Tag Archives: John Grisham

Faking It

False Convictions by Tim Green (Grand Central Publishing)

“Even in the suit, (Judge) Hubbard’s thick neck and big glasses gave him the air of a character actor playing a bit part on a low-budget cable movie.   Jesse Jackson kicked into gear with kisses, solemn hugs and jive handshakes.”

This reviewer was expecting something more substantial than what is found in Tim Green’s latest legal novel.   This is not a courtroom drama in the style of Scott Turow or an exciting part real, part fantasy, novel like those written by John Grisham.   No, instead it comes off as simultaneously low-budget and overdone.

The three main characters are stereotypes, none of them quite believable.   One is a young and brilliant shark of a lawyer, Casey Jordan, who, naturally, makes men melt at the sight of her in short skirts.   Another is a young male reporter who is God’s gift to women and knows that he’s more beautiful than Casey.   And lastly there’s the billionaire who can drop $2 million in a single afternoon in order to have Brad Pitt, Al Gore and Jesse Jackson join him at a press conference.   He also happens to move about in the fastest non-military airplane known to the world.

Stop me if you’ve heard this plot before.   A highly attractive young white woman is raped and savagely murdered.   The law enforcement authorities decide to arrest a young black man for the crime, and he’s sentenced to prison for the rest of his life.   Only maybe he didn’t do it.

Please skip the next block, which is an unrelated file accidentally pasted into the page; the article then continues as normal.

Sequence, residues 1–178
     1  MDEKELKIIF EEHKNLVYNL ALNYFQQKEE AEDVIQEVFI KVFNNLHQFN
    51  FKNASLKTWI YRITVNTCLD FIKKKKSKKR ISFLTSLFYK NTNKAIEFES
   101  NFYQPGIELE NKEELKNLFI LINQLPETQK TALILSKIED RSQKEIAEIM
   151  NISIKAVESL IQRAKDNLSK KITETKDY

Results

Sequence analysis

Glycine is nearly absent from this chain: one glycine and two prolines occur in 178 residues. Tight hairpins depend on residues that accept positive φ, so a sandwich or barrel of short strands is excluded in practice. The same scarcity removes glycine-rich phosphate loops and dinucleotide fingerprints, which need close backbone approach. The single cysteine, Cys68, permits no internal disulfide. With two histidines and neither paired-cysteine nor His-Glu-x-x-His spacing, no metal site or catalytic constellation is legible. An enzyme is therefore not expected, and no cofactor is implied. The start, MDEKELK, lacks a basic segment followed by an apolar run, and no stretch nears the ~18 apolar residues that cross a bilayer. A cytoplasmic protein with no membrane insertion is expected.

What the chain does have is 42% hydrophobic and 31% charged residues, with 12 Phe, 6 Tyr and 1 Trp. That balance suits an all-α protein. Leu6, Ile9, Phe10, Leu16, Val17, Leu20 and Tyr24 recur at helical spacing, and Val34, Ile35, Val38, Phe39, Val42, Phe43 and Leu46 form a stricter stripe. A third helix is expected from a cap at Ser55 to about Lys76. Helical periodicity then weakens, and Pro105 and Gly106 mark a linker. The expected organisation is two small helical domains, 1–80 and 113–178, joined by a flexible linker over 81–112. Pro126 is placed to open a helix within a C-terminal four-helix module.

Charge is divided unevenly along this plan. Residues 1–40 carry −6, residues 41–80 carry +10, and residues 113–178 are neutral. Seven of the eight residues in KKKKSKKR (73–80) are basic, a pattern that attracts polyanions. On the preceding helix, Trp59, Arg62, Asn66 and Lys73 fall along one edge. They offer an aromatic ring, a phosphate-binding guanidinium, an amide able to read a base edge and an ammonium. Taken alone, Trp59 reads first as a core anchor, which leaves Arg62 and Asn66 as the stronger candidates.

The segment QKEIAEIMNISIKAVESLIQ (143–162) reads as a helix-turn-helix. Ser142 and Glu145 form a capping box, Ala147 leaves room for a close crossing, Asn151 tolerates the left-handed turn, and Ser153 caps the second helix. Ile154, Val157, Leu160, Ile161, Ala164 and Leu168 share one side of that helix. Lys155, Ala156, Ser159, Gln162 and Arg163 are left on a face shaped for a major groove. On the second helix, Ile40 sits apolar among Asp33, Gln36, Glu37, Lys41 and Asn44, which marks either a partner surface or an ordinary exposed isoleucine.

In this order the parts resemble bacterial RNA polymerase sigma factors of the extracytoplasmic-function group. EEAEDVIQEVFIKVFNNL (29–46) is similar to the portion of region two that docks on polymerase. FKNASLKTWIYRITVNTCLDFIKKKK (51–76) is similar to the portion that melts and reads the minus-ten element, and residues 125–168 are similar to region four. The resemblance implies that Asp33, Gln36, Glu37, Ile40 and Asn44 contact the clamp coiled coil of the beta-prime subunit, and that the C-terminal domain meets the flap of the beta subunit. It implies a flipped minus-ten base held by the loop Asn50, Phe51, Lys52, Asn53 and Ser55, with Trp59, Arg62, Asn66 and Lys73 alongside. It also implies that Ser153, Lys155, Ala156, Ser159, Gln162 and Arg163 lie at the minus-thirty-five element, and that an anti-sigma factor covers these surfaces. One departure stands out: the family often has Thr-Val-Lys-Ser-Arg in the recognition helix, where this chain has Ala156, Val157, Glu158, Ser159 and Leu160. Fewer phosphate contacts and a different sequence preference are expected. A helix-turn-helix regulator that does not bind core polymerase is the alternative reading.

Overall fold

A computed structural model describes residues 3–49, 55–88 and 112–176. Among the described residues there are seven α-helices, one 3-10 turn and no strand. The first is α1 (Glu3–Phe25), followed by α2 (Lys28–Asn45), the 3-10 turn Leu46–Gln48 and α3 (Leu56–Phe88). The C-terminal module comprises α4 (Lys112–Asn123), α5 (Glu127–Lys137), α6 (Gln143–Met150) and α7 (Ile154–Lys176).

In order to rectify injustices like this our friendly billionaire establishes a project to give sight to the blinded Lady Justice.   He offers Casey, who is so incredibly successful that she’s already been the subject of a TV movie, a cool $1 million retainer to take on the defense of only two wrongly convicted persons.   The billionaire may be Batman but he needs lawyers like Casey to serve as Robin.

The typical reader is going to expect a lot of twists and turns before things are resolved and the wrongly convicted person is freed.   Except that everything falls into place too quickly and about sixty-five or seventy percent of the way through this novel, the innocent guy is freed while one Judge Hubbard hangs out with Al Gore, Brad and Jesse.   Wait a second, there are too many pages left for this to be the end, which means…

Yes, the old fly in the ointment event occurs and everything suddenly goes to heck in a hand basket.   The best laid plans of billionaires go awry.   The same goes for the plot of this novel.   It goes into overtime before the game has been played out.

If Green had stopped when all the loose ends were tied, he might have been credited with serving up a nice little novella.   But this one goes on a bit too long and, strangely enough, it’s hard to spot the author’s legal training in the telling.

The reader seeking a fun novella in this genre might like Denis Johnson’s campy Nobody Move, just released in trade paperback form.   Or novels like Try Fear or Try Darkness by the highly talented James Scott Bell.   And then there’s True Blue by David Baldacci.   All of these are rides in a fastback mid-engine Porsche compared to Green’s tale, which felt to this reviewer like a ride down the block on a Vespa.

Joseph Arellano

A review copy was received from Grand Central Publishing.

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A Preview of a True Story

Unbillable Hours: A True Story by Ian Graham will be released by Kaplan Publishing on May 4, 2010 (256 pages, $24.95).   The sub-title of this non-fiction book is:  A Young Lawyer, Big Law and a Murder Case That Saved Two Lives.   Here is the publisher’s synopsis: